Business fails to recover from catastrophic fire
Three-and-a-half years on from a destructive fire that engulfed a plastics manufacturer’s unsprinklered factory in Lancashire, the lasting effect is undeniable as the £50 million turnover business has gone into administration with the loss of 200 jobs.
The fire at the Total Polyfilm site in Bamber Bridge on 10th May 2016 took 60 fire fighters to control and resulted in the total loss of the factory. Nearby residents and businesses felt the impact from the smoke and environmental pollution while roads were closed causing disruption. Production was transferred to another site while the building was rebuilt, but this heavily affected day-to-day business. The factory was fully operational a year after the fire but it took an additional seven months due to restoration delays for the relocation to be complete. Despite the 60-year-old polythene business returning to operations, the company never properly recovered. This was further compounded by the loss of key customers and reduced sales across their key markets of agriculture and industry.
To prevent similar scenarios from occurring there needs to be more proactivity and conscious business resilience decision-making when it comes to businesses safeguarding themselves from fire’s devastating effects. Unless trading can continue quickly, businesses feel the financial pressure of maintaining cash flow and often flounder. Fire is indiscriminate and inexplicable, but that doesn’t mean actions can’t be taken to control fire when it occurs.
Contrast the total loss of the Total Polyfilm factory to a fire that happened in February 2016 at a similar plastics manufacturer in the West Country, BPI. They returned to operation within 24 hours. The difference was that the BPI factory had a sprinkler system that contained the fire. A sprinkler system works by only setting off the sprinklers in the immediate vicinity of a fire. A recent study of UK fire statistics showed that 95% of fires are controlled or even extinguished by the operation of fewer than five sprinklers, debunking the myth that if one sprinkler goes off then all of them will.1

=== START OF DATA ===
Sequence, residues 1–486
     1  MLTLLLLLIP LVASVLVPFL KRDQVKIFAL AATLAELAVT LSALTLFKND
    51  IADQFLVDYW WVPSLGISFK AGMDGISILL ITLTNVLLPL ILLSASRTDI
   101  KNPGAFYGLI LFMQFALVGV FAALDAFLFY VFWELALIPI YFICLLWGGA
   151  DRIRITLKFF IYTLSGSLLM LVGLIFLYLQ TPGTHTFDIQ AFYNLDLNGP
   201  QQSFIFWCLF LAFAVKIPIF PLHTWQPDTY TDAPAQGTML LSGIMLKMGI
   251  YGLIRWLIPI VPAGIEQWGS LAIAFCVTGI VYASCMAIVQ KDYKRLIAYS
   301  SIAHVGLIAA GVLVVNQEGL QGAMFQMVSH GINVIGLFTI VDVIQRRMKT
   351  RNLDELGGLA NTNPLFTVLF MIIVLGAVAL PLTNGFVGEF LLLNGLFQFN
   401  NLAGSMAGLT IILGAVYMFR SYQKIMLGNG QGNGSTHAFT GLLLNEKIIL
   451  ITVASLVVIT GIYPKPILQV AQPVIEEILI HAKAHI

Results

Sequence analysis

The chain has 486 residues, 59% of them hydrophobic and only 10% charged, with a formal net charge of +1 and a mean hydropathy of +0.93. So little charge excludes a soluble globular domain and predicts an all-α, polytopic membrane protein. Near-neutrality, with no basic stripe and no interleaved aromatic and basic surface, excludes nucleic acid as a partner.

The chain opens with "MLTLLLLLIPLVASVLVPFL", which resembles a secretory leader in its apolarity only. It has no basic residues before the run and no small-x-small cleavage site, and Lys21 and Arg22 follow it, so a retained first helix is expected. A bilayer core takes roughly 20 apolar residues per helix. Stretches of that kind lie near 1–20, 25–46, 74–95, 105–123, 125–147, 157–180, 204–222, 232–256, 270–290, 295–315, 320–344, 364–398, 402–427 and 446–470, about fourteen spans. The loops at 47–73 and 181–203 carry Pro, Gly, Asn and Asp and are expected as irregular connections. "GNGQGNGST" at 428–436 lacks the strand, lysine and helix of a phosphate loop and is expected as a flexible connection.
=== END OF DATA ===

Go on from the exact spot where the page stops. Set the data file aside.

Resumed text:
Today automatic fire sprinklers are not widely used in the UK because the guidance rarely prescribes their use. Yet automatic fire sprinklers prevent large fires because they activate automatically over a fire, controlling or even extinguishing the blaze before the Fire and Rescue Service arrives. They therefore save lives and protect firefighters who attend incidents – but they also prevent significant damage or destruction of a building by fire.
It’s often the case that businesses are not valuing what they own in terms of property and think they are going to recover a lot quicker than they do. They are failing to see the real impact of fire and leaving themselves exposed.
The inclusion of a sprinkler system can prevent major financial and equipment losses, containing what could be a potential major disaster and ensuring it is only a minor inconvenience. Proven time and again with consistent reliability, it is a small price to pay to prevent a business’s hard earned success from going up in flames.
1Efficiency and Effectiveness of Sprinkler Systems in the United Kingdom: An Analysis from Fire Service Data, May 2017, Optimal Economics.